Methane is primarily the result of the decomposition of organic matter. The gas has a 25 times greater warming potential than carbon dioxide, but is not as...

Im Focus: How protons move through a fuel cell

Hydrogen is regarded as the energy source of the future: It is produced with solar power and can be used to generate heat and electricity in fuel cells. Empa researchers have now succeeded in decoding the movement of hydrogen ions in crystals – a key step towards more efficient energy conversion in the hydrogen industry of tomorrow.

As charge carriers, electrons and ions play the leading role in electrochemical energy storage devices and converters such as batteries and fuel cells. Proton...

Im Focus: A unique data centre for cosmological simulations

Scientists from the Excellence Cluster Universe at the Ludwig-Maximilians-Universität Munich have establised "Cosmowebportal", a unique data centre for cosmological simulations located at the Leibniz Supercomputing Centre (LRZ) of the Bavarian Academy of Sciences. The complete results of a series of large hydrodynamical cosmological simulations are available, with data volumes typically exceeding several hundred terabytes. Scientists worldwide can interactively explore these complex simulations via a web interface and directly access the results.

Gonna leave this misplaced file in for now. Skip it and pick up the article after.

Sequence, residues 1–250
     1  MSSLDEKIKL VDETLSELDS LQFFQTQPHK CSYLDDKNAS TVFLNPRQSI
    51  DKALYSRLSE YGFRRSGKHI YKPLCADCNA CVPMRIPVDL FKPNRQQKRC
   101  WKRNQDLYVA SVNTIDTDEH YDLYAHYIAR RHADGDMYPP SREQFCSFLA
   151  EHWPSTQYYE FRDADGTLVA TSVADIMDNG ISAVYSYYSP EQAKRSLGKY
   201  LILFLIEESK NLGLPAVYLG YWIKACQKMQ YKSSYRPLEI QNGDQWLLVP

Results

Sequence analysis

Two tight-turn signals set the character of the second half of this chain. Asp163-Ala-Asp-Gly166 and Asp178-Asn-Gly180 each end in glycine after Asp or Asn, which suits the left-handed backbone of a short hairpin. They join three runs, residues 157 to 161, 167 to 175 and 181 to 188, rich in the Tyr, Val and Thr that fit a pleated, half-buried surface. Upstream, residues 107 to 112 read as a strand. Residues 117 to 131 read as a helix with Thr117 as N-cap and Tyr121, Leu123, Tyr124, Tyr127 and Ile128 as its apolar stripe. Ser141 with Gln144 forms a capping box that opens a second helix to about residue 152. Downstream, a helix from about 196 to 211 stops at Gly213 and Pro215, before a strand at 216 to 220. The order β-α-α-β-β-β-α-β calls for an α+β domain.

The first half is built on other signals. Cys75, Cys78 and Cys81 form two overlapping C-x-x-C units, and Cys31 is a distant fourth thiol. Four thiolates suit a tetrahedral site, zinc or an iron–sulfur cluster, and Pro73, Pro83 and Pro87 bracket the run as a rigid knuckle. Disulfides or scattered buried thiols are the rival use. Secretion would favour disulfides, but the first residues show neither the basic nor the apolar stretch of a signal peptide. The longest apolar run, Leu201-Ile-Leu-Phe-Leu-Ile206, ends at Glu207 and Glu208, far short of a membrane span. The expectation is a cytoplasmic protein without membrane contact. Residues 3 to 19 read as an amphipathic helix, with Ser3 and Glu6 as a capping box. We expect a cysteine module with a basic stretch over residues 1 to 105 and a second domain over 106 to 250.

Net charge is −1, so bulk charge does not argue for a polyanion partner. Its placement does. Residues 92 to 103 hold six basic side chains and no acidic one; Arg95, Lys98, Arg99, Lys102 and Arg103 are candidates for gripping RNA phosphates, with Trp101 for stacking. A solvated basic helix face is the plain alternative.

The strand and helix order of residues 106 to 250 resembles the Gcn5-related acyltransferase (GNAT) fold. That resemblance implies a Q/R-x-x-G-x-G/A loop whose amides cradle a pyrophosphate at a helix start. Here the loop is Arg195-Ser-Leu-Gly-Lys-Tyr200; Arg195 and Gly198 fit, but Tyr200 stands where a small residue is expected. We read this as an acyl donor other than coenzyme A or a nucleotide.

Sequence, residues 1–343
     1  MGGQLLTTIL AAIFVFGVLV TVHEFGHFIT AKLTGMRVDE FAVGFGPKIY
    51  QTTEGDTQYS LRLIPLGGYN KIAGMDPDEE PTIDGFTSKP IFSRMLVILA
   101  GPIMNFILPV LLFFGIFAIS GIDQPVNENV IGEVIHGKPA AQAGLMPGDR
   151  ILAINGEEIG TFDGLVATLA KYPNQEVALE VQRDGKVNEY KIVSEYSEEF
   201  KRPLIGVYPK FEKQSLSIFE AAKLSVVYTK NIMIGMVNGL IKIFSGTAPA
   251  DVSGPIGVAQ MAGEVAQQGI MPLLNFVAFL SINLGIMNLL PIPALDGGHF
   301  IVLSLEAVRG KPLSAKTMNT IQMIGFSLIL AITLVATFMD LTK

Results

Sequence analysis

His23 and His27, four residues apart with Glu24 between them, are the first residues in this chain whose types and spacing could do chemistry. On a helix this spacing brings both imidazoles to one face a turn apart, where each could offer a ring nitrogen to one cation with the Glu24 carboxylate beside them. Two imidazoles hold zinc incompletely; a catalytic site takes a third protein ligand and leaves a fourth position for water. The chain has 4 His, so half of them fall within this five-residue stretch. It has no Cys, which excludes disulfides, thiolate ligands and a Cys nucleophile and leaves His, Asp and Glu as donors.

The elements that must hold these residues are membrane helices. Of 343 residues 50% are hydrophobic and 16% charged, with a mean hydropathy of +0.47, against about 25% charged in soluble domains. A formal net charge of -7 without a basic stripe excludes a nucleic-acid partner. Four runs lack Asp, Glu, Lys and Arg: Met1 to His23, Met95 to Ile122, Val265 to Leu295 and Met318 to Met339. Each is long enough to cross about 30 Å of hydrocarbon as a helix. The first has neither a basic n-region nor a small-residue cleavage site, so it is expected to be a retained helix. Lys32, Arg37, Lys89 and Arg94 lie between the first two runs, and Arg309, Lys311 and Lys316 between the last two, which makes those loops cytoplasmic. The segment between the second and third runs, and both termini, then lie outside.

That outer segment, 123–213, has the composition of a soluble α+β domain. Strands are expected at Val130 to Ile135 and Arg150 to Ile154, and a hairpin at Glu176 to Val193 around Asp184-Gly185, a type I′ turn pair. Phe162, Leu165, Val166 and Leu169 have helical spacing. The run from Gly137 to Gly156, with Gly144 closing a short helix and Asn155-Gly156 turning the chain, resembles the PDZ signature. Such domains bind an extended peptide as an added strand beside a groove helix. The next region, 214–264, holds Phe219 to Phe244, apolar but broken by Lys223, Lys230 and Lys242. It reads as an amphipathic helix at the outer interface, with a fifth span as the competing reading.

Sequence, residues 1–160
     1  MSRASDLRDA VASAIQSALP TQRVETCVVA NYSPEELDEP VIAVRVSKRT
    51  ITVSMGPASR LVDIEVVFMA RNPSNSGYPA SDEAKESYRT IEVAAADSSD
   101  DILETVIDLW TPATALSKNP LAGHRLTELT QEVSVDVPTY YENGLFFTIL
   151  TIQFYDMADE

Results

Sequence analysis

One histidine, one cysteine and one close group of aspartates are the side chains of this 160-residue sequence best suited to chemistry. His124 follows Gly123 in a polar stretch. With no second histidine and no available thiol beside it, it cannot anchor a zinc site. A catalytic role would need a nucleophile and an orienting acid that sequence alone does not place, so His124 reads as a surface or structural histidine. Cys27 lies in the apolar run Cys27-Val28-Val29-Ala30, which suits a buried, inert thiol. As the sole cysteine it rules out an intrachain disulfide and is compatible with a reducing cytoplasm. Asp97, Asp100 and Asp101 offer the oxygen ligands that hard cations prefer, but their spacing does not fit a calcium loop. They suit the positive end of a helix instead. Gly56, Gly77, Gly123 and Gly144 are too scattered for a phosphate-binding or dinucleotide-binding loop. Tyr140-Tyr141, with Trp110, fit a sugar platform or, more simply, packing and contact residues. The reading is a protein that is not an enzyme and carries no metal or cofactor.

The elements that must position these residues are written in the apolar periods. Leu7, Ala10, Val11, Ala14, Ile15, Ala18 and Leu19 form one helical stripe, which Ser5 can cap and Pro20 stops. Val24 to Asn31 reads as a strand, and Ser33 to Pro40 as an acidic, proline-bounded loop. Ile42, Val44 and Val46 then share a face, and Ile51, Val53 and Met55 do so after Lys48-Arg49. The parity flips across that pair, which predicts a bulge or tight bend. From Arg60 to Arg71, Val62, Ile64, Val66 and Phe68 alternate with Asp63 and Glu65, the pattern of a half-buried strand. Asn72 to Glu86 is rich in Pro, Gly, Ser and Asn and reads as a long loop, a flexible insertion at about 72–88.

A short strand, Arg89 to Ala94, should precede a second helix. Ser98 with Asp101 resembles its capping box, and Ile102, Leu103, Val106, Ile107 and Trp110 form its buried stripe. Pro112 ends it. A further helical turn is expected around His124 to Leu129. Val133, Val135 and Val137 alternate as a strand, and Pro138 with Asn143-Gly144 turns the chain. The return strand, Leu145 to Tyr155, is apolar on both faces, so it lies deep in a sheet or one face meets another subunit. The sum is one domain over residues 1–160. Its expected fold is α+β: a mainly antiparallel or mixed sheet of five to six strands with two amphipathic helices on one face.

With current telescopes, scientists can observe our Universe’s galaxies and galaxy clusters and their distribution along an invisible cosmic web. From the...

Im Focus: Scientists develop molecular thermometer for contactless measurement using infrared light

Temperature measurements possible even on the smallest scale / Molecular ruby for use in material sciences, biology, and medicine

Chemists at Johannes Gutenberg University Mainz (JGU) in cooperation with researchers of the German Federal Institute for Materials Research and Testing (BAM)...

All Focus news of the innovation-report >>>

Anzeige

Anzeige

Event News

Plants are networkers

19.06.2017 | Event News

Digital Survival Training for Executives

13.06.2017 | Event News

Global Learning Council Summit 2017

13.06.2017 | Event News

 
Latest News

Study shines light on brain cells that coordinate movement

26.06.2017 | Life Sciences

Smooth propagation of spin waves using gold

26.06.2017 | Physics and Astronomy

Switchable DNA mini-machines store information

26.06.2017 | Information Technology

VideoLinks
B2B-VideoLinks
More VideoLinks >>>